The many faces of climate change denial

September 1, 2011 § 3 Comments

In popular parlance ‘denial’ can refer to anything from the barefaced lies of a politician to the psychobabble of checklists that tell you whether you are ‘in denial’ about any number of personal ills. Understanding climate change denial means unravelling both psychological and sociological meanings of the term.

The view from psychoanalysis

Psychoanalysis is specific. Freud’s concept of denial – usually translated as ‘disavowal’ – refers to a state of simultaneously knowing and not knowing that something is true. ‘My father is dead.’ ‘My father is not dead – he will be at the station as usual to meet me.’ If it is maintained more than briefly, this is a serious psychological condition that detaches the sufferer from any shared reality with others. Nonetheless, this sense that something is both known and not known describes public responses to climate change rather well. Rather than talk simply about denial however it may be useful to explore the many different defences people can use to protect themselves from psychological discomfort and pain.

Many forms of defence

There are many ways of not thinking and not feeling or of failing to take in an uncomfortable truth. For example:

Disturbing knowledge may be :

  • pushed beneath the surface -“Let’s talk about something nicer.” (suppression)
  • banished more deeply – “I don’t know what you’re talking about” – where it may re-emerge in the form of a symptom (repression).
  • stripped of its significance “I don’t think it will affect me/it’s not as important as x/it isn’t urgent “(negation)
  • locked in a separate compartment of the mind “I try not to think about it/I keep that for work.” (isolation/compartmentalisation)

The troubled person may:

  • Shift blame elsewhere “Government should act/It’s the fault of the Chinese/What are you doing anyway?” (projection)
  • Retreat to a stance of helplessness “It’s too difficult for me/I don’t understand it/I’m powerless to help.” (regression)
  • Idealise their own or their group’s motives and actions “I do my recycling/The UK’s at the forefront/We’re a nation of gardeners.” (idealisation)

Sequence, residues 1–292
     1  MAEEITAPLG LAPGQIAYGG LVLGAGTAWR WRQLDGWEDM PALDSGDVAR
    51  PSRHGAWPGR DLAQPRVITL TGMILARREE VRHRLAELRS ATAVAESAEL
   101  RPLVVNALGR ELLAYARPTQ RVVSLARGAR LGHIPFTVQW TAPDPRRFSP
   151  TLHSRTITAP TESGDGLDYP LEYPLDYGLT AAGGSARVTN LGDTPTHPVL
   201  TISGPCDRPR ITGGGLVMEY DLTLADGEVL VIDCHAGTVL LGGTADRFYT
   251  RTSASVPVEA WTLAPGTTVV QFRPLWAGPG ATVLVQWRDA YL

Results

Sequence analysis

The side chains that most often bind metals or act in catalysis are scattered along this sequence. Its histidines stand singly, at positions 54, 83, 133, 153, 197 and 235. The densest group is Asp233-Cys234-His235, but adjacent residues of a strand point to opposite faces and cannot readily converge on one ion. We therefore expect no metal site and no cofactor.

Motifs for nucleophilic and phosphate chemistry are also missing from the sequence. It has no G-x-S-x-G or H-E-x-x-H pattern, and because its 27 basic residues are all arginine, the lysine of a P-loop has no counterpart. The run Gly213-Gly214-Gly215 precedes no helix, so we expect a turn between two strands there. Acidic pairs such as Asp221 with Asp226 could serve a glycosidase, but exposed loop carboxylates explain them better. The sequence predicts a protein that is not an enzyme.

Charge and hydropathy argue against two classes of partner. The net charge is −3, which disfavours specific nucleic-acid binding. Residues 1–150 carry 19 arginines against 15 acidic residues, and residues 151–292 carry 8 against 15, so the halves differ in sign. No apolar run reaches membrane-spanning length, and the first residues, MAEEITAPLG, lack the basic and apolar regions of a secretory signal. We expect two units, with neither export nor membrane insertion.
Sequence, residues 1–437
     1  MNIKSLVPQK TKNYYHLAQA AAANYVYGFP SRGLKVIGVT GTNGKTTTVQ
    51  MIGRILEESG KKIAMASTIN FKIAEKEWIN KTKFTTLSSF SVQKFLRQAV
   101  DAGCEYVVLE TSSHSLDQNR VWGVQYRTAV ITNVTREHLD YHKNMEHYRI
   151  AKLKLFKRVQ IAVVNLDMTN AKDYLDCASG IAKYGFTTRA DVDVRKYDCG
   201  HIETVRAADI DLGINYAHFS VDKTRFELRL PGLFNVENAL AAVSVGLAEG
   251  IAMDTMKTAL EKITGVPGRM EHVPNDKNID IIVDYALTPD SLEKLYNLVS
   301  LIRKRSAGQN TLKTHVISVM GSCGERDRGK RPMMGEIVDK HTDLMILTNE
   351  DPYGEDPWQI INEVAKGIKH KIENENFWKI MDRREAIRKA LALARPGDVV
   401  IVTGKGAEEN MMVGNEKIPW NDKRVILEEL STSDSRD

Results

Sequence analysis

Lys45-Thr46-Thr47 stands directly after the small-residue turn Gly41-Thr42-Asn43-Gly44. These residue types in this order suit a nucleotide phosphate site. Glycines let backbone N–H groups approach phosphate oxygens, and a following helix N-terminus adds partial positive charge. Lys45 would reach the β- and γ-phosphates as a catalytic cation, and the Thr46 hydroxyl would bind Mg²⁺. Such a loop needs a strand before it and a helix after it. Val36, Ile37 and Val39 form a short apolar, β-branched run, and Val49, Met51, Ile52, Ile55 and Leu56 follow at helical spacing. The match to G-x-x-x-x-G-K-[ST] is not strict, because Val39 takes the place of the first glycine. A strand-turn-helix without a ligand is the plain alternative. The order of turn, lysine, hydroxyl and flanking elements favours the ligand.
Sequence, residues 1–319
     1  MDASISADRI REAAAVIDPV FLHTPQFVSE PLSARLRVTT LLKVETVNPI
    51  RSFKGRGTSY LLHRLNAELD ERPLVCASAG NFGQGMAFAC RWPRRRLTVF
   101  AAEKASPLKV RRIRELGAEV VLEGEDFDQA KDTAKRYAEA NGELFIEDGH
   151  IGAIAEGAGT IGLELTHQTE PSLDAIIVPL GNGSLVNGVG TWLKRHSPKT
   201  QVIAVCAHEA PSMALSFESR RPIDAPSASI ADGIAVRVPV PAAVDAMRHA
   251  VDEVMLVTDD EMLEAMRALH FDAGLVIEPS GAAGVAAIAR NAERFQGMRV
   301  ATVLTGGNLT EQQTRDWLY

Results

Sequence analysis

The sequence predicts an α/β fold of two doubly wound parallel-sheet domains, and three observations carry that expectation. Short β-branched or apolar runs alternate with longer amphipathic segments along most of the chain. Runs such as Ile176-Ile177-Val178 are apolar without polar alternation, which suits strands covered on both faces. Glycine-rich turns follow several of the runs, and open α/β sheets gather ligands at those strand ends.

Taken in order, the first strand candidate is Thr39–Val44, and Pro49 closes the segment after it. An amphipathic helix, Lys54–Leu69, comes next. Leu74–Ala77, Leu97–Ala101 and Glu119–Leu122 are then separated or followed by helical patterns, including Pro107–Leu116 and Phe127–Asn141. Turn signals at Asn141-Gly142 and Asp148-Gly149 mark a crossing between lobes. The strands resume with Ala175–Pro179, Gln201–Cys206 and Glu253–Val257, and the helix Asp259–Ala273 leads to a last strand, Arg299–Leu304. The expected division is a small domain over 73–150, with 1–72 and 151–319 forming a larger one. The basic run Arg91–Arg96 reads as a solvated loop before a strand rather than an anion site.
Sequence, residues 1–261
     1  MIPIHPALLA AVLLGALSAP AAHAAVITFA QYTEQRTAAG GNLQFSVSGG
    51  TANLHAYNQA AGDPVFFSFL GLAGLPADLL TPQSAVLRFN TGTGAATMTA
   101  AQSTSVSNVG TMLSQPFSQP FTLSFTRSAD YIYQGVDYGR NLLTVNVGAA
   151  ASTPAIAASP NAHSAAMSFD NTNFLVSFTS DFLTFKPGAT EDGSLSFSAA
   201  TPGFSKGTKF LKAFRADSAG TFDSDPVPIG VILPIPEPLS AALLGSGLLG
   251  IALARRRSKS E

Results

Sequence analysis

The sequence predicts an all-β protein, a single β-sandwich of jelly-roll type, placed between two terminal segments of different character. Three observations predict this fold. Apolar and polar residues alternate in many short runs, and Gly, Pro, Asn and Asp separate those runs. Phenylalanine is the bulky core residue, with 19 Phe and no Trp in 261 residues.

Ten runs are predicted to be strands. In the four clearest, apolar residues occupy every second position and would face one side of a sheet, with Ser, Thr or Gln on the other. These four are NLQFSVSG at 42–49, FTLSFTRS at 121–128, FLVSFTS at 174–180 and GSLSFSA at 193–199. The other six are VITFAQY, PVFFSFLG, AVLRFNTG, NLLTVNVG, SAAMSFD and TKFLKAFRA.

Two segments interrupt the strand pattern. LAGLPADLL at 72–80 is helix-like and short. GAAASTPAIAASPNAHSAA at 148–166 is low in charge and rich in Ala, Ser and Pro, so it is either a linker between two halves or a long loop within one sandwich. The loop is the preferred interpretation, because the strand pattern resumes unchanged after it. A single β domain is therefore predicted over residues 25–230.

The pain that lies beneath

All of these defences can contribute to what is popularly thought of as denial. Behind each defensive move lies an experience that is unbearable or feelings that threaten to overwhelm: trauma, guilt, anxiety or an insult to one’s sense of self. As a result of these defensive moves, other affective states – indifference, defiance, apathy, depression, resentment, hopelessness, inertia – appear as the surface phenomena. As the work of Renee Lertzman on the Myth of Apathy makes clear, although the conflict is less painful on the surface it remains disturbing underneath.

The defensive moves listed above can be personally disabling, but in the case of climate change they are not. They do not, for the most part, bring people to therapists’ consulting rooms. Why?

The social organisation of denial

The answer lies in the way these individual processes connect with the wider social picture. We cannot explain collective failure to deal with climate change as the sum of millions of individual neuroses.

Stanley Cohen in “States of denial”, a study of political denial of atrocity and human rights abuses,  identifies three levels of denial and relates the strategies of deniers to those of delinquents accused of a crime.